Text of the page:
Hey fabulous clinicians in private practice,

I want to say a MASSIVE thank you to everyone who has been in touch with me after last week’s blog post. It’s always so encouraging to receive comments and emails or private messages from people who are inspired to take action following something you’ve written.

(I don’t know about you, but often I write blog posts or any piece of content really and wonder, is anyone going to take any notice?… which very quickly spirals into self doubt and the sense that I have nothing to say. Not the point of this post but I thought you might like to know that I deal with these feelings too. A lot.)

Judging from your responses, one of the biggest sticking points for us is finding somewhere to start. Even when the recommendation was seemingly a simple one, to find some part of your business where you can change one thing that will result in an exponential change for the good, is hard.

Knowing where to start can be overwhelming.

It seems that we like to get tangled up in choosing the one thing to start with.

Hey there, perfectionist. I see you.

It’s interesting to think about why we find it hard to start. As clinicians we are often very risk-averse. We spend all day thinking about mitigating risk for our clients, after all. We live in a risk management framework, often thinking 3 or 4 steps ahead of where our clients are right now to come up with all the contingency plans they might need. While we’re very good at being present and in the moment with our clients, many of us are already planning the next 3-4 sessions ahead making sure that the progress we are seeing is real and integrated.

Think about this for a moment…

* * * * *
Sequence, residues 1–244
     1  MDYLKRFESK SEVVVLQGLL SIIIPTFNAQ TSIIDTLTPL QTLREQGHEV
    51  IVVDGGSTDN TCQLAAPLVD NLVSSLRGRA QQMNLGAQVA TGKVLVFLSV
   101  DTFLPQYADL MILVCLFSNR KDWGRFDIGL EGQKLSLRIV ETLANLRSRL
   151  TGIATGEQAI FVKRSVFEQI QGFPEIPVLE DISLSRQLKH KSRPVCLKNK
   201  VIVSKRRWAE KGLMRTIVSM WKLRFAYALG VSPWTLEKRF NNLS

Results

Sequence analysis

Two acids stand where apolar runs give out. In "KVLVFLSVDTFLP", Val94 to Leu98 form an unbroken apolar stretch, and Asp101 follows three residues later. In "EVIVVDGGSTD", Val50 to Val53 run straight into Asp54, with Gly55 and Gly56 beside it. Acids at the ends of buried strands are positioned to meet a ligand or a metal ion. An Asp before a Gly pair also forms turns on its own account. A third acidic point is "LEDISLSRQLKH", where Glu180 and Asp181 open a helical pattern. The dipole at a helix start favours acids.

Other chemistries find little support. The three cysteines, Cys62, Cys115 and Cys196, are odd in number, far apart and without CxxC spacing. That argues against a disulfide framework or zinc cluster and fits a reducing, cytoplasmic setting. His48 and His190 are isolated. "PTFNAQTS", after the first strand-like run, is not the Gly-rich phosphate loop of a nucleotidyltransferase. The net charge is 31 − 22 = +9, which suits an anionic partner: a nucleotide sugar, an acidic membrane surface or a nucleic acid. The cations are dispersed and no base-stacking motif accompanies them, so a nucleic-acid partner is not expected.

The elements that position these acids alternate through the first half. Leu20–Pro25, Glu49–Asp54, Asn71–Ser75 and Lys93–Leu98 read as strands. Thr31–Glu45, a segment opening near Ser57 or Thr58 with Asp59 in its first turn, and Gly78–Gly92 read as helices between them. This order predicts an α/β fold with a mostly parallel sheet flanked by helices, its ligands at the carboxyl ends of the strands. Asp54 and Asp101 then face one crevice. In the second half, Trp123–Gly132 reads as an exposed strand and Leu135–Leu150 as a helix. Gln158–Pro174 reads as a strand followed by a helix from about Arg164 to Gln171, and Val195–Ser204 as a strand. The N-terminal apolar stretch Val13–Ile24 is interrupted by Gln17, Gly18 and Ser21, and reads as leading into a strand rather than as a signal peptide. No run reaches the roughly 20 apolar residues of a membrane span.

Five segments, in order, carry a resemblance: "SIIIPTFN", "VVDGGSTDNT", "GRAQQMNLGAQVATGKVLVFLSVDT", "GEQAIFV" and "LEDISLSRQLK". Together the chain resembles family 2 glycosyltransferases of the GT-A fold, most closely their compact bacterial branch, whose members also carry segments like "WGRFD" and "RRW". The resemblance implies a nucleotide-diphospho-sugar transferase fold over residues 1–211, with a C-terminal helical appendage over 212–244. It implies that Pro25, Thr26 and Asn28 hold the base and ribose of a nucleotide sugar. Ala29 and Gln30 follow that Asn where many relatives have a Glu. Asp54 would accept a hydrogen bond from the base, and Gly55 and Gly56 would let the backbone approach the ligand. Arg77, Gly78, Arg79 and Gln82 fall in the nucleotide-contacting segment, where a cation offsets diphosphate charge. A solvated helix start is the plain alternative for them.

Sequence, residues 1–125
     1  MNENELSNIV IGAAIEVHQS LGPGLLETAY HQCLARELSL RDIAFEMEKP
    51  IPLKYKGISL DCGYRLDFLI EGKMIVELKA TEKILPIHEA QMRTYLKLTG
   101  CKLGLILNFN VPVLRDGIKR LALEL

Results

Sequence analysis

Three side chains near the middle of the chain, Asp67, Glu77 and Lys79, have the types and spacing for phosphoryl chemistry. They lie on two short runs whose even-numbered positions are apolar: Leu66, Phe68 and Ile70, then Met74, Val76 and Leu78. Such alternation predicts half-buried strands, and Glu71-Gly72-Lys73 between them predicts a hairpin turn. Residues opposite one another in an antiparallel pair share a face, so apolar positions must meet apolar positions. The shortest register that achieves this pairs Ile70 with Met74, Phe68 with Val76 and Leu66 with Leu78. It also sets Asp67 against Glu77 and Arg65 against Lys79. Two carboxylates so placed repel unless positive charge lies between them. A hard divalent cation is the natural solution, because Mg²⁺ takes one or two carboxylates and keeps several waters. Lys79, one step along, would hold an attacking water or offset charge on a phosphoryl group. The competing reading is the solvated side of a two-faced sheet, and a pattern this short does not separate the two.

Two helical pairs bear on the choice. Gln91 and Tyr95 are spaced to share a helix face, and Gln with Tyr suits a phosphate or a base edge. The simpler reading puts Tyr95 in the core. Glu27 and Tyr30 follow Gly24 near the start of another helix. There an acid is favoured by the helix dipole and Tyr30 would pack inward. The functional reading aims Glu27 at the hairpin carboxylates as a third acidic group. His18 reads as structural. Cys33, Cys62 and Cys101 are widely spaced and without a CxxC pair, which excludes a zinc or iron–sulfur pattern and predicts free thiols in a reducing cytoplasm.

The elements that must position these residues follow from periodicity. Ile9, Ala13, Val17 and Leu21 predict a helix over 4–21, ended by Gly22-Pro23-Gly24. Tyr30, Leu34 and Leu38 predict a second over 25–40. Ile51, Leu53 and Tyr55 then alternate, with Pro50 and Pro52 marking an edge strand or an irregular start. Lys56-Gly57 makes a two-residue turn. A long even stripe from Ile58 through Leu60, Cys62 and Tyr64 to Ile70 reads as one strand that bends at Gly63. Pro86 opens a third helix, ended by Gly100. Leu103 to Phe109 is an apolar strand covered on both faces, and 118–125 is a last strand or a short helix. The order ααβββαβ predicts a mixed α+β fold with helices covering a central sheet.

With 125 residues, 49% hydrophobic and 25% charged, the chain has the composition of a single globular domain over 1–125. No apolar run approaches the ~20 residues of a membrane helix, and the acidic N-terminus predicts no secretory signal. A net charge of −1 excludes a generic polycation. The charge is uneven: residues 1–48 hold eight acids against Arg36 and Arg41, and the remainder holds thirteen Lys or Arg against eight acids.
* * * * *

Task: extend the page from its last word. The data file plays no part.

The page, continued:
A mental health professional might see up to 6 clients in a day.

  • Client #1 comes in to discuss ongoing addiction issues, and how these are impacting his relationships and his capacity for work. In session you are checking in with him to make sure he is safe, the people around him are safe and that his job is safe.
  • Client #2 comes in to work on her generalised anxiety, which has been triggered by recent news events. In session you are ensuring she has the skills and capacity to be able to leave session today and be safe.
  • Client #3 comes in needing to discuss an abusive relationship. In session you are all about creating the plan for safety and security for your client.
  • Client #4 arrives to explain he is terminating today. This is a surprise and one that you do not recommend. You spend the session discussing the pros and cons of remaining in treatment with a genuine concern for what if things go wrong for this person and who can he turn to?
  • Client #5 is a new client, your entire session is rapport building and fact finding – until they disclose that they have thoughts of self harm. Your risk management skills go into overdrive.
  • Client #6 is a sweet man that you have been working with for years. He arrives with red-rimmed eyes, and immediately starts crying. Sobbing, loudly and uncontrollably. What has happened what is going to happen; how do I hold this space; what do I need to be aware of and mindful of?

See? Managing risks at every turn.

How about the OT who also sees 5 clients in a day?

  • Client #1:  assessment for walking aides; how do I hep my client avoid falling while maintaining her independence, oh my… look at that welt on the side of her leg, maybe that’s an infection?
  • Client #2: review of memory aides for young man with acquired brain injury, who somehow manages to arrive for the session but has forgotten to bring his smart phone, his diary and his therapy folder with him – you are wondering what else he is forgetting as it appears he has not washed in a while.
  • Client #3 arrives 30 minutes early and does not appear to be able to sit still or stay focused in the waiting room. You find you need to move her to the lunch area and are concerned about her being left unsupervised.
  • Client #4 arrives with his parents, this was unexpected. Oh this can’t be good. Parents coming unannounced to a session with an adult client is never a good sign.